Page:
Advantageously, in certain embodiments, the saturation of such a value can provide an indication of an irregular condition for the pump and a more reliable and faster indication of a blockage than some other approaches.
[00661 In one example, a pump controller of a pump may have a capacity to track a level of activity of the pump using a value stored using 8 bits of data (this is, the level of activity can be tracked with a granularity of 256 levels ranging from the level 0 to the level 255) where the level 255 can be indicative of a lowest assigned level of activity and the level 0 can be indicative of a highest assigned level of activity. In this example, the level of activity of the pump may drop below the lowest assigned level of activity and thus the pump controller may consider the level of activity to remain at the 255 level even though the level of activity has decreased below lowest assigned level of activity. Therefore, when the value remains at the 255 level and thus saturates, the saturation of the value can indicate an irregular operating condition for the pump and can be used as an alarm condition indicative of a blockage. In some embodiments, to prevent intermittent alarms, which may be a nuisance to the user, the saturation of the value may be considered an alarm condition once the value remains saturated for a period of time, such as 30 seconds, 1 minute, 2 minutes, and the like.
[00671 In some embodiments, checking for the clamped state using a clamped state threshold results in more accurate and reliable blockage detection than only using a blockage threshold. This is because meeting the clamped threshold can reliably indicate that a pump is operating very slowly due to a permanent blockage in a fluid flow path. In contrast, relying on the blockage threshold alone may result in less stable and accurate detection at least because a pump controller may not differentiate between (i) a temporary blockage (which may become cleared and should not trigger a blockage alarm) and (ii) a permanent blockage in the fluid flow path. On the other hand, meeting the clamped state threshold, which is selected to signal a very low activity of the pump as compared to the blockage threshold, can indicate that a severe blockage is present and that such blockage is unlikely to be a temporary blockage. Accordingly, blockage condition may be triggered more accurately and reliably when the clamped state threshold is used.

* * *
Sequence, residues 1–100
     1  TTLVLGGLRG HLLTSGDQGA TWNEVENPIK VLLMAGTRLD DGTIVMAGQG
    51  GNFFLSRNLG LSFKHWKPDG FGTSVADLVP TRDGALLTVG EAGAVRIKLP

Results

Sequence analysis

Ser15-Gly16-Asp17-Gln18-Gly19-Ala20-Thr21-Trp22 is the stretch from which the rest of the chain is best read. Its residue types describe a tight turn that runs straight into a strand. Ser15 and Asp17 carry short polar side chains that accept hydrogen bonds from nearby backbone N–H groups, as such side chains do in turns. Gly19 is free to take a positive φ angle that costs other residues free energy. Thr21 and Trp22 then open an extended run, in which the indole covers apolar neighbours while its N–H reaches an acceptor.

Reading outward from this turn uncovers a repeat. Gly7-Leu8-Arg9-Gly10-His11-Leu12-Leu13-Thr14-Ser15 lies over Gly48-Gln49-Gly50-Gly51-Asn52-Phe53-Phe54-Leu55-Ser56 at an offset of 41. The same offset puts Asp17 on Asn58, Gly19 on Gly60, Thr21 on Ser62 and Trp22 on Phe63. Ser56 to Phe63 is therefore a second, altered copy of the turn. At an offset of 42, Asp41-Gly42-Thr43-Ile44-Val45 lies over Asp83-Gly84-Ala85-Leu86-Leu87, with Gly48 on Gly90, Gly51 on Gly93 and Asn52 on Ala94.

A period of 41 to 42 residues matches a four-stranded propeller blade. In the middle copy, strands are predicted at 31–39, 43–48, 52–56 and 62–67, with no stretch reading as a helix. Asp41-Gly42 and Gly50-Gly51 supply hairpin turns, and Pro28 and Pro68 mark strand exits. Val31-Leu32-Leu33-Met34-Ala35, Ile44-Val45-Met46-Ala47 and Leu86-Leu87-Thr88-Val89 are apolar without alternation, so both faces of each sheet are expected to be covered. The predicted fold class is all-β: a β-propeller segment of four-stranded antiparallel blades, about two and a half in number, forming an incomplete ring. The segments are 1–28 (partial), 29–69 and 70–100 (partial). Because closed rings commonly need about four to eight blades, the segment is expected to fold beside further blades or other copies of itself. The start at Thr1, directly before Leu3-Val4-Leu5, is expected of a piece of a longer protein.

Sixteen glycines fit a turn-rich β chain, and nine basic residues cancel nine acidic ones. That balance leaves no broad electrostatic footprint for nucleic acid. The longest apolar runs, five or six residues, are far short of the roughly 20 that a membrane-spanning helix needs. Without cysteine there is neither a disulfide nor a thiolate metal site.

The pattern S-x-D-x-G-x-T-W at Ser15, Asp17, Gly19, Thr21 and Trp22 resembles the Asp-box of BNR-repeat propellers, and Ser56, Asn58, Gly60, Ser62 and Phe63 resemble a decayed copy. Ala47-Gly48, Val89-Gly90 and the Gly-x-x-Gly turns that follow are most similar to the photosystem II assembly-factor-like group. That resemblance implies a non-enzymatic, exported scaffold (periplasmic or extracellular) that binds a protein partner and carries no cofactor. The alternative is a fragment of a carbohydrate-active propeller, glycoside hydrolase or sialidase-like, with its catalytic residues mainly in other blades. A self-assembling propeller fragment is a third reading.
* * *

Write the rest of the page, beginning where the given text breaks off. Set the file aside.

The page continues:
Although the plot 800B illustrates simultaneous use of the blockage threshold 814 and the clamped state threshold 815, the blockage threshold 814 and the clamped state threshold 815 can each be implemented independently or without one threshold or the other. In addition, in some embodiments, the scaled alarms 808 and 818 can be used, alone or in combination, with one or more other conditions or indications (for example, such as those disclosed herein) to determine whether to activate an alarm.
[00681 Figure 9A shows an example plot 900A illustrating when a level of activity of a pump, such as the pump 330, may be indicative a blockage according to some embodiments. The plot 900A can be a plot for a pump assembly, such as the pump assembly 230, which includes the components 300C discussed with respect to Figure 3C, as well as a tachometer configured to provide pulses indicative of a rotation of a pump motor of the pump. The pump assembly can be operating at a setpoint of -120 mmHg. The y-axis of the plot 900A provides an average time period between consecutive tachometer pulses in seconds (scale on the left), mass flow measure in SLPM (scale on the right), and scaled alarm indication (high corresponds to "ON"). The x-axis of the plot 900A provides elapsed time in minutes. The plot 900A depicts an average tachometer period 902, a blockage threshold setting 904, a mass flow measurement 906, and a scaled alarm 908 over time.
The scaled alarm 908 can be indicative of an alarm condition, such as a blockage condition, when high.
The scaled alarm 908 can, for instance, (I) be used to activate and deactivate an alarm, which can be audibly or visually perceptible, (ii) be an alarm flag in memory, or (iii) involve changing operation of the pump.